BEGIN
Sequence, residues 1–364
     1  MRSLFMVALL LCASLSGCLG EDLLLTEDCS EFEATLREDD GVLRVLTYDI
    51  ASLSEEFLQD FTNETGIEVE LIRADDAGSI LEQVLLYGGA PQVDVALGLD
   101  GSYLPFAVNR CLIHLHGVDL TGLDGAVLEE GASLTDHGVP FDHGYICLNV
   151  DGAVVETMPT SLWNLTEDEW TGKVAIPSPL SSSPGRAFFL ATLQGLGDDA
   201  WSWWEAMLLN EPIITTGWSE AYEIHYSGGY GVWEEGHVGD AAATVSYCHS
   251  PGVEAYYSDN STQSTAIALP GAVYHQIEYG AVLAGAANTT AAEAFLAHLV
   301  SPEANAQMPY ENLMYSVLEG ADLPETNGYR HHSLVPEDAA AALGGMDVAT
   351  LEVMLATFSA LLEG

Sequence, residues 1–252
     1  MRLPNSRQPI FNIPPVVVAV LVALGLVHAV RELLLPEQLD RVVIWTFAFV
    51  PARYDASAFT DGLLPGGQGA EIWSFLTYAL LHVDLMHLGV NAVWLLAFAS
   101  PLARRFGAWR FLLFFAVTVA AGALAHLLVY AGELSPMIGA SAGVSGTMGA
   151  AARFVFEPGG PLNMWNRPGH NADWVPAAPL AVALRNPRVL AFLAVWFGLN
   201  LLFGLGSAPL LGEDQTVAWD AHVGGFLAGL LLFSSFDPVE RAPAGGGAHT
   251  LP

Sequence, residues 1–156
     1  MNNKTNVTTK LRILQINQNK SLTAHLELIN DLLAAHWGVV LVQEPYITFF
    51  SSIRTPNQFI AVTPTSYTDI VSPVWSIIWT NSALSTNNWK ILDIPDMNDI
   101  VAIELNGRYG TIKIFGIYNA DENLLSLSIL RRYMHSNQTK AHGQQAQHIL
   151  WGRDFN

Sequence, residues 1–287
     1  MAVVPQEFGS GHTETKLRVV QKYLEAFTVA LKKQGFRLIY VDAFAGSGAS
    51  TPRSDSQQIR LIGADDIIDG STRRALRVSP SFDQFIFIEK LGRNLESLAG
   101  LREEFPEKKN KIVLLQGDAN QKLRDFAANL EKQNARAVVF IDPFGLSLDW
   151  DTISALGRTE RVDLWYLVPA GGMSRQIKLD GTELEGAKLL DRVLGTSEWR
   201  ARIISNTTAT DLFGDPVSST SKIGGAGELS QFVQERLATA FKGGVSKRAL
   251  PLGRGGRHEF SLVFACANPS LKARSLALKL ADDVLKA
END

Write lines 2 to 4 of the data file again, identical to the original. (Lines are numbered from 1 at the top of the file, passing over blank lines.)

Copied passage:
     1  MRSLFMVALL LCASLSGCLG EDLLLTEDCS EFEATLREDD GVLRVLTYDI
    51  ASLSEEFLQD FTNETGIEVE LIRADDAGSI LEQVLLYGGA PQVDVALGLD
   101  GSYLPFAVNR CLIHLHGVDL TGLDGAVLEE GASLTDHGVP FDHGYICLNV